Lau is a Managing Partner of FSSA, so we think he's incentivised to ensure the business, including its funds and people, are successful. He looks after its team of analysts and fund managers, which means he can pass on his knowledge and experience. It also means he has additional responsibilities, but we're confident he spends most of his time focused on looking after his clients' money.

First Sentier Investments was acquired by Mitsubishi UFJ, a Japanese bank, in 2019. Takeovers can sometimes lead to disruption and corporate change, though positively FSSA remains an independent investment team.

ESG Integration

For the team at First Sentier, ESG considerations are much more than a label or box to be ticked. Taking these factors into account is a natural extension of the same investment process they’ve used for decades. The team’s philosophy is founded on stewardship – when they make an investment, they see themselves as part-owners of the business and want to make sure it’s run in a way that’ll benefit all shareholders.

ESG issues form a core part of this. For example, they don’t like companies that make reckless decisions in the pursuit of short-term gains, rather than focusing on longer term, more sustainable growth. A business shouldn’t exploit its workforce, take advantage of tax loopholes, or skirt around industry legislation. Importantly, it should cause little, if any, harm to the environment around it. First Sentier has made a firm-wide commitment not to invest in companies whose primary business is to make cigarettes (or other tobacco products), or controversial weapons.

The team also engages closely with company management. It helps them make sure management remain on track with sustainability issues, and means they can encourage a change in behaviour if required. If they don’t think a business meets their standards, or is doing enough to address a problem, they won’t invest. They produce an annual Responsible Investment report, and a Stewardship report. These reports outline the firm’s voting record, provide engagement updates and case studies, and present other ESG-focused research.


The fund has a standard annual ongoing charge of 1.09%, but we’ve secured a 0.05% saving for HL clients. That means a net ongoing charge of 1.04%. The fund discount is achieved through a loyalty bonus, which could be subject to tax if held outside of an ISA or SIPP. Our platform charge of up to 0.45% per annum also applies, except in the HL Junior ISA, where no platform fee applies.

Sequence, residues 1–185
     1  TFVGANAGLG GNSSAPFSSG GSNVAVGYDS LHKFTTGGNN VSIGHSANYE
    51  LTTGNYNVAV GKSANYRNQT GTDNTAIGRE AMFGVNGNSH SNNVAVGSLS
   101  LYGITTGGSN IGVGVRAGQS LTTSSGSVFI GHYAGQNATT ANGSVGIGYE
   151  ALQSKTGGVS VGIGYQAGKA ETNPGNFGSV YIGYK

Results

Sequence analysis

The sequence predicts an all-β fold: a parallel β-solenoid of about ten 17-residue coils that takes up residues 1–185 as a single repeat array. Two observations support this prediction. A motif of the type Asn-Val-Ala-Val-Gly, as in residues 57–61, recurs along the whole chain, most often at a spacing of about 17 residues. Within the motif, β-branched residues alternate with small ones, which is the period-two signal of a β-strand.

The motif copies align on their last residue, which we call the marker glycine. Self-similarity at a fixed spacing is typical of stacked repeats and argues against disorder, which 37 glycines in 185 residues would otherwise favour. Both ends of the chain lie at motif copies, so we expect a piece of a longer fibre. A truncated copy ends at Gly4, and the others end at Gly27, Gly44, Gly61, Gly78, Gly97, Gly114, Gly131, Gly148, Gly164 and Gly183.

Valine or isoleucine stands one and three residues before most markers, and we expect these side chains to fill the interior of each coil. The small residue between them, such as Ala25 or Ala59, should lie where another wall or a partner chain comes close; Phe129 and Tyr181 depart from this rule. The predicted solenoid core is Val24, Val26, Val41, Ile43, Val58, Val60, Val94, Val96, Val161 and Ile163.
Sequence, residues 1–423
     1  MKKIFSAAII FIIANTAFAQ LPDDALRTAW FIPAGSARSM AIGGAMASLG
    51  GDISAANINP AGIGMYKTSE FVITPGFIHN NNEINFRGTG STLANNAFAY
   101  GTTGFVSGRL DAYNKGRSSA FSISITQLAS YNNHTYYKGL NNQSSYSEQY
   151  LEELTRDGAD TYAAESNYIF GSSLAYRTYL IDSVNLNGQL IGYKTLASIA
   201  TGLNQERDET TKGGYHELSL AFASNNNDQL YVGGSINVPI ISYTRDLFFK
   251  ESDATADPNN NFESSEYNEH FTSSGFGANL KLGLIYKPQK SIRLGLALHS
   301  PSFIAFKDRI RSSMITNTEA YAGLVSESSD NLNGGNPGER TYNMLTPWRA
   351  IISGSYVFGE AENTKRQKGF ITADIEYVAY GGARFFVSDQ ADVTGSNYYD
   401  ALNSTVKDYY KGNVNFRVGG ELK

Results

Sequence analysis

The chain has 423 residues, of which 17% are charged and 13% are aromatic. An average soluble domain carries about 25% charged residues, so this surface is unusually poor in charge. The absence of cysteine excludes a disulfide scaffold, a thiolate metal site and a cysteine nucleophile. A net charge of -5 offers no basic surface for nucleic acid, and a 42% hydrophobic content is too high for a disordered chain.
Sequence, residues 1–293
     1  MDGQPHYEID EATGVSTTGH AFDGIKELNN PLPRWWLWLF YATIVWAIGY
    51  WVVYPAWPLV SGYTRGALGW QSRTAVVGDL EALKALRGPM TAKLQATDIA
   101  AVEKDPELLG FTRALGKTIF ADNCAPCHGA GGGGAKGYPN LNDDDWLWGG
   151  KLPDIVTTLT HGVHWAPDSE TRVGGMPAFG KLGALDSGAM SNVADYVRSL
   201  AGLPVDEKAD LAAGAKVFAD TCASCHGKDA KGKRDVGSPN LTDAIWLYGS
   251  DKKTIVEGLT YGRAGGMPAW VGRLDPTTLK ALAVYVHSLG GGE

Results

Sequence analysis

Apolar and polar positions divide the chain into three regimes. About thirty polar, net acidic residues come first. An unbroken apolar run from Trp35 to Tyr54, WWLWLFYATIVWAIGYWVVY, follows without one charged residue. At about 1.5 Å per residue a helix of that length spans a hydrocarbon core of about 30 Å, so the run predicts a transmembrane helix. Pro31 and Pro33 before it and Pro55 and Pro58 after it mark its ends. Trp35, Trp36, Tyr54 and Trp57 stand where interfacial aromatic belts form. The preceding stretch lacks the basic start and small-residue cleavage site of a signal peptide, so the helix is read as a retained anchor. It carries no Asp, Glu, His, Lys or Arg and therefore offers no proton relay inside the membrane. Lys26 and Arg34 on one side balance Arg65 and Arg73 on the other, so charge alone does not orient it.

Martin Lau has built up an enviable track record since he started managing the fund in 2003. During this time the fund returned 1,037.07%* versus 412.71% for the MSCI Golden Dragon Index and 384.40% for the IA China/Greater China sector average. Past performance isn't a guide to future returns.

As with any investment in emerging markets, investing in China can be more volatile than developed market investing. Lau and his team are conservative in the way they manage money, they aim to limit losses in a falling market. They do this by investing in companies they think will see consistent demand for their products or services and prosper over the long term. This means the fund has tended to hold up relatively well when markets have been weaker, but lag when markets have risen strongly.

Over the past 12 months the fund fell by 5.95% versus a 2.44% increase for the MSCI Golden Dragon index. Whilst disappointing, the fund performed relatively well versus peers with the IA sector falling by 10.34%.

TSMC, the Taiwanese semiconductor company is the fund’s largest investment with a 10% position (the maximum amount allowed). The company has performed very well over this period following the recent surge in artificial intelligence. However, since TSMC accounts for around 18% of the benchmark, the lower amount invested hurt relative performance for the fund. Other notable detractors included the Chinese dairy focused company, China Mengniu Diary, and Chinese insurer, Ping An Insurance.

It wasn’t all bad news though over this period. The fund’s investments in consumer communication services and consumer discretionary companies performed relatively well such as Midea Group, the Chinese appliances manufacturer. Techtronic Industries, the Taiwanese power tools company was another noteworthy performer.

Annual percentage growth

Apr 19 - Apr 20

Apr 20 - Apr 21

Apr 21 - Apr 22

Apr 22 - Apr 23

Apr 23 - Apr 24

FSSA Greater China Growth






IA China/Greater China






MSCI Golden Dragon Index






Past performance isn't a guide to future returns.
Source: *Lipper IM to 30/04/2024.
Important information - Please remember the value of investments, and any income from them, can fall as well as rise so you could get back less than you invest. This article is provided to help you make your own investment decisions, it is not advice. If you are unsure of the suitability of an investment for your circumstances please seek advice. No news or research item is a personal recommendation to deal.
Written by
Henry Ince
Henry Ince
Investment Analyst

Henry is a member of our research team, having recently re-joined HL in 2023 after working in asset management for several years. His expertise is deployed writing insightful analysis across a range of sectors including the UK Smaller Companies, Global and Asia & emerging market fund sectors.

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Article history
Published: 10th May 2024